Democracy fails Singapore battler

 
  Age, Melbourne
November 10, 2001

By MARK BAKER
ASIA EDITOR
SINGAPORE

CHEE Soon Juan is an improbable candidate for the role of Singapore's public enemy No.1 - a person whom no less an authority than Lee Kuan Yew has declared to be a liar, a fraud and a cheat. He is a gently spoken and thoughtful man who looks more like the university academic he once was than a lurking menace to his country's future.

"When they run my picture in the newspapers you expect to see horns growing out of my head," says the leader of the Singapore Democratic Party. "I don't blame people for not voting for us. If I relied for my information on the newspapers here I wouldn't vote for me either."

When Dr Chee joined Singapore's beleaguered opposition a decade ago he was prepared for a fight, but not for the destruction of his career and reputation that soon followed. Now he faces the prospect of financial ruin - the latest in a long line of opposition figures threatened with bankruptcy by being sued for defamation by the power elite.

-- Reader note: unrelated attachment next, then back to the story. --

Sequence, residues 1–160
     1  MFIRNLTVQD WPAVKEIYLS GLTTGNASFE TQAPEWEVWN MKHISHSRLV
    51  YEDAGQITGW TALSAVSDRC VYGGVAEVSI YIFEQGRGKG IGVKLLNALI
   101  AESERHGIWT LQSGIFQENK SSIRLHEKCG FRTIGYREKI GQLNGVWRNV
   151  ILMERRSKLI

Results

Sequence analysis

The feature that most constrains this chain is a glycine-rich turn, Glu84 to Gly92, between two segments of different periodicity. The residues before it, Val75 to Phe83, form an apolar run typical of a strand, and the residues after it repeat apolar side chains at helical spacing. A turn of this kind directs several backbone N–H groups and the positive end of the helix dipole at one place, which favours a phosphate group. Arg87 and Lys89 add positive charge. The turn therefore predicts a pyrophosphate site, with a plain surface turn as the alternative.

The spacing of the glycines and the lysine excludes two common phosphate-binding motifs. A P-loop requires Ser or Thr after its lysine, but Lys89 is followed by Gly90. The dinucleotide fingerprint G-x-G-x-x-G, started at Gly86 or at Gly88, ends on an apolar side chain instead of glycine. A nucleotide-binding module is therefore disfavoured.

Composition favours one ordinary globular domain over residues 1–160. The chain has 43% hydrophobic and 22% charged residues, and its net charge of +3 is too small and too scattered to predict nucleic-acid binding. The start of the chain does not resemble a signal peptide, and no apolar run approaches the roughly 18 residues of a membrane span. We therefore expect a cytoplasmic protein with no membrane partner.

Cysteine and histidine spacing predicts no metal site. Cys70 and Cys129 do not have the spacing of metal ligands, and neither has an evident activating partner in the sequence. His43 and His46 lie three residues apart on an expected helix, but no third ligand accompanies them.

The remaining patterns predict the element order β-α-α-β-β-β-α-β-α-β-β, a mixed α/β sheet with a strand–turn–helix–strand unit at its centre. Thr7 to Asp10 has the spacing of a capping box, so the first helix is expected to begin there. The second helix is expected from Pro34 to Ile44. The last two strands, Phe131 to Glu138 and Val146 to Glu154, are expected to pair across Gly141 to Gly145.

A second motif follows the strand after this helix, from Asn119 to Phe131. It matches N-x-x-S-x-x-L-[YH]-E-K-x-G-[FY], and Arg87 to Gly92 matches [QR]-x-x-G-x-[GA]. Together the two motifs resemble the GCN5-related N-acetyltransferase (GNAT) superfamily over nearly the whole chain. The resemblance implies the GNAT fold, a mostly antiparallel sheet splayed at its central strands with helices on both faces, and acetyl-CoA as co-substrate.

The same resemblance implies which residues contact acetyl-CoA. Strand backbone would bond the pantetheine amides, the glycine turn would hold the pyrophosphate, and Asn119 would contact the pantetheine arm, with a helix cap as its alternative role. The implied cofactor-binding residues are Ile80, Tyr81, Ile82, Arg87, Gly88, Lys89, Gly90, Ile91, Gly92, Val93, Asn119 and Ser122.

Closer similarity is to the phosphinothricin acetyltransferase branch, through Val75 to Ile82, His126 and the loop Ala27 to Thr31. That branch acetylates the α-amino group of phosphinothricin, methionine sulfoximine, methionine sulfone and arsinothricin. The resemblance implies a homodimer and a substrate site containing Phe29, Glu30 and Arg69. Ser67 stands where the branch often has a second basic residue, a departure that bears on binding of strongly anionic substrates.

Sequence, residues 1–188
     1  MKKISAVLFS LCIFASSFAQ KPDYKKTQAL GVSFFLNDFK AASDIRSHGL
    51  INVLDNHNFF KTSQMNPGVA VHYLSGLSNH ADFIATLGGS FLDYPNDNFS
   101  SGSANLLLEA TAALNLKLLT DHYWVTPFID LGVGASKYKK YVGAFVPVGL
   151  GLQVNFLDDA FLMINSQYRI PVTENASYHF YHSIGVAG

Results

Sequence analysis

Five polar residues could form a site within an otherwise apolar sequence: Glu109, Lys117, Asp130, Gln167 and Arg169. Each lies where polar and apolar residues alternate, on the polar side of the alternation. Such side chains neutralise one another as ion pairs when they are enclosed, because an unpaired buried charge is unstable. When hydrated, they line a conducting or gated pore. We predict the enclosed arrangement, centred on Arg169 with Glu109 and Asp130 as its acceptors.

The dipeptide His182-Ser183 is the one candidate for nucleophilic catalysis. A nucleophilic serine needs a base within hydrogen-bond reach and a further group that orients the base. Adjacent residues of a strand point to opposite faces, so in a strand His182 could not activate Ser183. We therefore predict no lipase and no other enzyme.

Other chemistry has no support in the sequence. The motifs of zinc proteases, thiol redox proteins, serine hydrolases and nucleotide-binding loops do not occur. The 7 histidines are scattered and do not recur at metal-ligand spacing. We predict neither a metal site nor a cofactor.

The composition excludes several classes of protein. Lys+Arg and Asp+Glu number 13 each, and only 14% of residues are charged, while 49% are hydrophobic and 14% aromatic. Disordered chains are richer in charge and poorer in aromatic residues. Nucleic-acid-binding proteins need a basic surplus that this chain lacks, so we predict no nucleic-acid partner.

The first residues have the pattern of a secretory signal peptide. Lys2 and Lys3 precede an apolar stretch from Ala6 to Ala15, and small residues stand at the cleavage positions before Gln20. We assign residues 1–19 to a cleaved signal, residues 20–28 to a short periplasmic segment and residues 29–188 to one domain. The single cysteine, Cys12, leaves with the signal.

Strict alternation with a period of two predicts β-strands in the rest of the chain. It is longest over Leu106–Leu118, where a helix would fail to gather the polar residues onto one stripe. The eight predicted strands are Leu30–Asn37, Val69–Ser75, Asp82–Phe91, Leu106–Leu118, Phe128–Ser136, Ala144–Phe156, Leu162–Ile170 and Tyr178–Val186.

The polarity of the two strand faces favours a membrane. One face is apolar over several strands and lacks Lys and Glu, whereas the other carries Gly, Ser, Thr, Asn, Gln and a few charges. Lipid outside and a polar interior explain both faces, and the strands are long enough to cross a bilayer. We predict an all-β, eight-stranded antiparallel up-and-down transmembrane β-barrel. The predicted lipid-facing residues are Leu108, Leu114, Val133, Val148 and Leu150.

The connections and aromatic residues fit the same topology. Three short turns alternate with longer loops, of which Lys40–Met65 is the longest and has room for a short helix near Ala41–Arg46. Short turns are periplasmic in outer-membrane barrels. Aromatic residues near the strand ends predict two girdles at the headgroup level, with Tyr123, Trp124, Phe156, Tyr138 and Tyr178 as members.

Last weekend Lee Kuan Yew's People's Action Party scored one of the most emphatic victories in its unbroken 42 years in power. Re-elected before the first ballot was cast - with 55 seats uncontested - the party captured 75 per cent of the vote in the rest to claim a total of 82 seats in the 84-member parliament and another five-year term.

The result - in the midst of the island state's worst economic downturn in 30 years and with mounting job losses - was a fresh humiliation for the disparate clutch of small parties that constitute what passes for an opposition in Singapore. Two opposition MPs who sat in the old parliament scraped back with reduced margins - narrowly denying Prime Minister Goh Chok Tong his ambition of a "clean sweep". In most countries, the inevitability of such a decisive election result would have afforded a degree of magnanimity towards the hapless adversary, if not a willingness to share at least a slice of spoils. Not in Singapore.